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The Story of the Greeks

Page: 38

The prize for the girls was the same as that given to the boys; but the boys took part in more games, andA Torch Race. A Torch Race.

The crowd of people watching the games often grew so excited that they carried the victor all around the grounds on their shoulders, while Olympia fairly re-echoed with their cries of joy.

We are also told that one old man called Chi´lo was so happy when his son laid at his feet the crowns he had just won, that he actually died of joy, thus turning his son's happiness into bitter grief.

While all the foot races took place in the stadium, the horse and chariot races were held in the hippodrome, and excited the greatest interest. There were two-, four-, and eight-horse races; and, as the horses were sometimes unruly, the chariots were liable to be overturned. Thus at times a number of horses would fall in a heap, and lie struggling and kicking in the dust, which added to the general excitement.


XXXIII. THE BLOODY LAWS OF DRACO.

You have already learned that Athens was one of the greatest cities of ancient Greece, and that after the heroic self-sacrifice of Codrus the inhabitants would not allow any one to bear the name of king.

The sons of Codrus were named archons, or rulers for life,—an office which was at first handed down from father to son, but which soon became elective; that is[Pg 87] to say, all the people voted for and elected their own rulers. Then nine archons were chosen at once, but they kept their office for only one year.

As these men received no pay for serving the state, only the richest citizens could accept the office; and thus Athens, from a monarchy, or country ruled by a king, became an oligarchy, or state ruled by the rich and noble citizens.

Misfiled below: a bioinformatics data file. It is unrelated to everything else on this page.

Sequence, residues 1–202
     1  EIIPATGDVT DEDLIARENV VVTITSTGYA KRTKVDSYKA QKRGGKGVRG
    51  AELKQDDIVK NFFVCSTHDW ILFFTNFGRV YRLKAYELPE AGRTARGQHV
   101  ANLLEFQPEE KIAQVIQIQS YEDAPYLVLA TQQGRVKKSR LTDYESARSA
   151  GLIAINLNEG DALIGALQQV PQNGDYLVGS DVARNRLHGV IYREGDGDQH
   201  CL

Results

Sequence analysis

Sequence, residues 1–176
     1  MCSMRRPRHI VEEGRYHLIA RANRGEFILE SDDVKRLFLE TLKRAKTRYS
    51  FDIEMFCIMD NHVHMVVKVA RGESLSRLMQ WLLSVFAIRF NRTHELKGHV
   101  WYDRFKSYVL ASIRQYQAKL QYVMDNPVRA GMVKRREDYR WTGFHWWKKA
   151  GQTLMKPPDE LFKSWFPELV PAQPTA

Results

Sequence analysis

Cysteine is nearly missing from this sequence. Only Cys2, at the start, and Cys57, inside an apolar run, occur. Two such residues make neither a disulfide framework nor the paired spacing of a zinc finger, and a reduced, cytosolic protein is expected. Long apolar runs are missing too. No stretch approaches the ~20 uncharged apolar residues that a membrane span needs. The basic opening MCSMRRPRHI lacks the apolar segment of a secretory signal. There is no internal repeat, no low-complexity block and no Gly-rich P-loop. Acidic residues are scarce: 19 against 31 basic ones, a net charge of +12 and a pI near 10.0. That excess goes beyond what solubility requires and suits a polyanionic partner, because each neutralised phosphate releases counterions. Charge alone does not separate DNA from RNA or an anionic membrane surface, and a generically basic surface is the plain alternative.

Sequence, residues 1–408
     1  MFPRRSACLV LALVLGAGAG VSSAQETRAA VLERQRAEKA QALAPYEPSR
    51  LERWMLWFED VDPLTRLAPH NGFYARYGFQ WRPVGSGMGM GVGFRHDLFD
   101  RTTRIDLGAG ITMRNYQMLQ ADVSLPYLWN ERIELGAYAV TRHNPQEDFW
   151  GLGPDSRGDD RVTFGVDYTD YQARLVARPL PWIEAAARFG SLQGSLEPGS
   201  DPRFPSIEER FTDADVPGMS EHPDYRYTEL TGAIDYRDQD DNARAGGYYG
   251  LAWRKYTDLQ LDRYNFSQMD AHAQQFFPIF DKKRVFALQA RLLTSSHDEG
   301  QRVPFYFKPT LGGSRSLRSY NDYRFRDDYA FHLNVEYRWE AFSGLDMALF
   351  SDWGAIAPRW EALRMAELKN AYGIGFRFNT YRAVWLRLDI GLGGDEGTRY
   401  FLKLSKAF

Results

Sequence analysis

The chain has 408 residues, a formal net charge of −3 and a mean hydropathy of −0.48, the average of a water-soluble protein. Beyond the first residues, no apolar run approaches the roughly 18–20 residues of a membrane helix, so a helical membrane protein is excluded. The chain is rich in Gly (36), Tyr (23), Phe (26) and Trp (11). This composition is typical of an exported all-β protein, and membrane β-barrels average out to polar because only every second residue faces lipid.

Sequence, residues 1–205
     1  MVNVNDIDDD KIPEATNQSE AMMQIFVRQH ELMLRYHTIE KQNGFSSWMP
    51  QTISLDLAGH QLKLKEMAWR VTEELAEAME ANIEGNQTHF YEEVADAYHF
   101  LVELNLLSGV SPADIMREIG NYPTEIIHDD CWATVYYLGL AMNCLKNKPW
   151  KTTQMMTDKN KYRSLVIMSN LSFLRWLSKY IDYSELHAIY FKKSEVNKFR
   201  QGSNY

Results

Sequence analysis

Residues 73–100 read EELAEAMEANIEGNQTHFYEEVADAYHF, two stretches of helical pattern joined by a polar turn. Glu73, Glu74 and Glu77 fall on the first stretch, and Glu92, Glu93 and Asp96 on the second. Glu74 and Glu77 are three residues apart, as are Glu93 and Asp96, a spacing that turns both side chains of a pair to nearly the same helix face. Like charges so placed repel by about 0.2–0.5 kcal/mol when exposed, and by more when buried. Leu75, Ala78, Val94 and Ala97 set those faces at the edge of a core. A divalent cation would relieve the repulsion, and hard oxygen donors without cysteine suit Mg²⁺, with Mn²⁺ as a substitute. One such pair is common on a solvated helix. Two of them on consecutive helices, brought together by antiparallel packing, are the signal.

As the rich thus held the reins of the government, they often used their power to oppress the poor, and this gave rise to many quarrels. Little by little the two parties, the rich and the poor, grew to hate each other so much that it was decided that a new code or set of laws should be made, and that they should be obeyed by all alike.

A severe archon called Dra´co was chosen to draw up these new laws (602 B.C.); and he made them so strict and cruel that the least sin was punished as if it had been a crime, and a man was sentenced to be hanged for stealing even a cabbage.

When the Athenians heard these new laws, they were frightened. Such severity had never been known before; and one and all said that the laws had been written in blood instead of ink. Some of the citizens, hoping to make Draco change them, asked why he had named such a terrible punishment for so small a crime as the theft of a cabbage. Draco sternly replied that a person who stole even the smallest thing was dishonest, and deserved death; and that, as he knew of no severer punishment, he could not inflict one for the greater crimes.[Pg 88]


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